Evaluating the perceptions and use of Computer Assisted Career Guidance Systems in seven high schools by learners and teachers: analysis, synthesis and computer effect

Master Thesis


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University of Cape Town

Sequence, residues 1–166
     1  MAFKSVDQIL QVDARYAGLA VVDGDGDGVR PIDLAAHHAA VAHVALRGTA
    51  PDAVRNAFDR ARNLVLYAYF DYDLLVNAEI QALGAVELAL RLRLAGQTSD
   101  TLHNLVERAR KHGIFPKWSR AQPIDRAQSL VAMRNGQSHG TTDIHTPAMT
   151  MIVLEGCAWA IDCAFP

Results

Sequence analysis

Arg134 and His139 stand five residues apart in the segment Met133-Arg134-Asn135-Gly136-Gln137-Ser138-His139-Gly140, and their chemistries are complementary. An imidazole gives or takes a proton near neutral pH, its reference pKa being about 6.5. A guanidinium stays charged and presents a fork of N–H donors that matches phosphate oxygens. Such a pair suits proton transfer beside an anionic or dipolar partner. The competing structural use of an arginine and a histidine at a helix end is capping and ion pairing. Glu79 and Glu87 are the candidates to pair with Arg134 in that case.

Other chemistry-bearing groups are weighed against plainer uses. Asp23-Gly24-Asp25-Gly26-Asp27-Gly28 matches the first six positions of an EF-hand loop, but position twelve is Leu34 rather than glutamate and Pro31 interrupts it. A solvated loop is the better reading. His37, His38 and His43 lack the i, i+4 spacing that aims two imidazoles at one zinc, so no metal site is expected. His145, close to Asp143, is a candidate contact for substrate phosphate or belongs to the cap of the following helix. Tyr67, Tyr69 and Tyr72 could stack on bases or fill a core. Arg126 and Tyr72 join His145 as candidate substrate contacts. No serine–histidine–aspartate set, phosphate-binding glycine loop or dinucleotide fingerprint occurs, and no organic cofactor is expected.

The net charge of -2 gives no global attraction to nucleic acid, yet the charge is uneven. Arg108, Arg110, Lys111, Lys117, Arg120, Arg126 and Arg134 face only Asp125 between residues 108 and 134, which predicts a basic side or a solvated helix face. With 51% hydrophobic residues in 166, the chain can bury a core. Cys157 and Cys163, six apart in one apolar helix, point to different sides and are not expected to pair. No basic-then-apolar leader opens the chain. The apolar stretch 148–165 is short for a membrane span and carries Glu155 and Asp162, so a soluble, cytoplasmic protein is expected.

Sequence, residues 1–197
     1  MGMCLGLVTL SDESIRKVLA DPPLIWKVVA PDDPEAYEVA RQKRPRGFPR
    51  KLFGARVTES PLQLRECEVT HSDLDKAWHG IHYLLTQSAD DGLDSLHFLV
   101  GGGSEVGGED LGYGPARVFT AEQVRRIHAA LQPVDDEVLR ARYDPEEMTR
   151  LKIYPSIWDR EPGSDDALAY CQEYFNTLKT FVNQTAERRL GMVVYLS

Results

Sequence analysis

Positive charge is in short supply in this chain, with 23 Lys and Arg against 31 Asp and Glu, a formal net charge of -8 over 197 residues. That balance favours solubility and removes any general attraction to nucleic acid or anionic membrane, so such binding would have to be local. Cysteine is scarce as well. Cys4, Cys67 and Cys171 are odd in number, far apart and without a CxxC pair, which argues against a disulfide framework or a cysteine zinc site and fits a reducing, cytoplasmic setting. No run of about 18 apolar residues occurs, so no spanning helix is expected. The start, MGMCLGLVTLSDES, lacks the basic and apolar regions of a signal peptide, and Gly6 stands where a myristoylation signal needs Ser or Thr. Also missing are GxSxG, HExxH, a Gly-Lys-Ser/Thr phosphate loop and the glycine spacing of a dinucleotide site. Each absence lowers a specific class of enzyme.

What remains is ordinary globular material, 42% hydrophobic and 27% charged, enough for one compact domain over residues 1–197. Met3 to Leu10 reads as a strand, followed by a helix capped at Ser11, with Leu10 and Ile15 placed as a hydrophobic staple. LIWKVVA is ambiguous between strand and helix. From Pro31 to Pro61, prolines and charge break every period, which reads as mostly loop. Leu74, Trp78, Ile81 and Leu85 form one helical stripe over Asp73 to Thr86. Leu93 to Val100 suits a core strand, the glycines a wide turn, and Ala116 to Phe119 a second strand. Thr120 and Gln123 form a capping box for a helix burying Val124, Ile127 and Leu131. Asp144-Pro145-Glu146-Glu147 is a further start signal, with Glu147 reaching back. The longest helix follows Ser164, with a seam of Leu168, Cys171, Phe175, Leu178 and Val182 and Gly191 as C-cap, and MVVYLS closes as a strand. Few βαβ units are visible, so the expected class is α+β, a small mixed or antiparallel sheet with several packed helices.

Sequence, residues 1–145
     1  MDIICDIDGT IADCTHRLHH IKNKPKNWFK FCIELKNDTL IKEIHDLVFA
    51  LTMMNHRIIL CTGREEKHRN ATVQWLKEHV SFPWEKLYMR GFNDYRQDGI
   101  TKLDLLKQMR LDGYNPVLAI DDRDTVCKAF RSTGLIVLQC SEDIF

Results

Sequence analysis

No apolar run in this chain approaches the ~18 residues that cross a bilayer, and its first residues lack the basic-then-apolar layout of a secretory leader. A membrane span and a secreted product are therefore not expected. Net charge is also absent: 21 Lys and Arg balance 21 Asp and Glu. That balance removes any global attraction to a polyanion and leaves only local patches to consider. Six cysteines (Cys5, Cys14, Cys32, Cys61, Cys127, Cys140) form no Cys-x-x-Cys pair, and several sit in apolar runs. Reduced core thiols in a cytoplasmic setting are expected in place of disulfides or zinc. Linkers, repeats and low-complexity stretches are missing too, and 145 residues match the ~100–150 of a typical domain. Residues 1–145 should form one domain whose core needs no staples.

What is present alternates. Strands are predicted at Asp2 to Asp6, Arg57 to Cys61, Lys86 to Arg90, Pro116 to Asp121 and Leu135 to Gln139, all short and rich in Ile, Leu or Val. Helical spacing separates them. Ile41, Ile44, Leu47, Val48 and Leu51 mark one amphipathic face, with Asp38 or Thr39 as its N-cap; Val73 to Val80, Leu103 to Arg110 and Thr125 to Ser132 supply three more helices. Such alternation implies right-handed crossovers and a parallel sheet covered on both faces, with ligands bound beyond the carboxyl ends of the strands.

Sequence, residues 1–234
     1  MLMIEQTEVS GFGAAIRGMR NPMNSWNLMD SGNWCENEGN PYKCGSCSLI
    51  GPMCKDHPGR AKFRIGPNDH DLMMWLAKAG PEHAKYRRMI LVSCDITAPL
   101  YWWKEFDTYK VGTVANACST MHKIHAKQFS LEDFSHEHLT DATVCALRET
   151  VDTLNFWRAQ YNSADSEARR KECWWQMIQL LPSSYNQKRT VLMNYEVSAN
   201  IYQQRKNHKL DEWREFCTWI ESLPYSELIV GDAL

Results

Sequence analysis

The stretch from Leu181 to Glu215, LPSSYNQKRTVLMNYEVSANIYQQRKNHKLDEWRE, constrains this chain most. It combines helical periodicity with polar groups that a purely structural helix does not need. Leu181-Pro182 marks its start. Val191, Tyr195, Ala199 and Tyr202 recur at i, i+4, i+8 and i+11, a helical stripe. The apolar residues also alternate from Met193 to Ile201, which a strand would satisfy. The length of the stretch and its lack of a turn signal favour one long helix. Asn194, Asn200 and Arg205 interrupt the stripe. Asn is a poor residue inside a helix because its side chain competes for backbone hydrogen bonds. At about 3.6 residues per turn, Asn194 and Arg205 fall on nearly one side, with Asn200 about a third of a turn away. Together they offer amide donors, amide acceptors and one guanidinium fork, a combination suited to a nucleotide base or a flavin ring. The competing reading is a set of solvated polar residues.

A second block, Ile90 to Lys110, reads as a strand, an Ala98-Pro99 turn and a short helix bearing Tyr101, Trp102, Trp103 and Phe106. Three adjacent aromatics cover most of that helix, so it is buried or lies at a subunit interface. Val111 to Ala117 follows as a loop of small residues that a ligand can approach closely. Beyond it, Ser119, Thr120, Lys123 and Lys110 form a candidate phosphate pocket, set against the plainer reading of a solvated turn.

Abstract This research is concerned with how learners perceive Computer Assisted Career Guidance Systems at schooling level in South Africa. The research is also about exploring how teachers in the high school setting use these Computer Assisted Career Guidance systems. The thesis defines Computer-Assisted Career Guidance Systems as "interactive guidance programs that an individual can operate independently to retrieve information useful for self-assessment and career exploration" (Fowkes & McWhirter, 2007, p. 388). The digital age has provided numerous Computer Assisted Career Guidance Systems (CACGS) platforms where information can be consumed and used to make career related decisions (Fowkes & McWhirter, 2007). However, the impact and effectiveness of these CACGS has not been investigated in the South African context, particularly the perceptions of learners and teachers at high school level. This may be due to few schools, often only private schools, in South Africa having the financial and human resources to use and interpret results of learners from these CACGS. In this thesis, four Computer Assisted Career Guidance Systems that are used in high schools were evaluated by learners, and these are PACE, Mindmuzik-EAS, The Online Career Guide and JVR Strong Interest Inventory. Furthermore, the thesis evaluated how teachers used these systems in class, the expectations by parents and how their respective schools evaluate the impact of CACGS against the school's objectives. The emergence and use of these CACGS in South African private schools provided an opportunity to research the perceptions of the impact that these technologies have on the decisions that high school leavers make. This study attempted to understand the usefulness of Computer Assisted Career Guidance Systems in high schools that have invested in these technologies. The research evaluated CACGS in seven schools with 177 learners participating and 7 school teachers/psychologists. Focusing specifically on three composite scales that measured whether learners believed that after using the CACGS they became familiar with oneself and the world of work (Analysis), if they believed that through CACGS they were able to identify potential career alternatives (Synthesis) and if they believed that interacting with the computer made a difference (Computer Effect). This thesis adopts a mixed method approach to study CACGS, using a qualitative method through interviews to get the opinion of teachers and a quantitative method through surveys to get learners' perceptions. This study afforded rare insight into the South African high schools use of CACGS, where findings indicated a general acceptance and satisfaction of CACGS from learners. Moreover, revealing how the systems are implemented in class.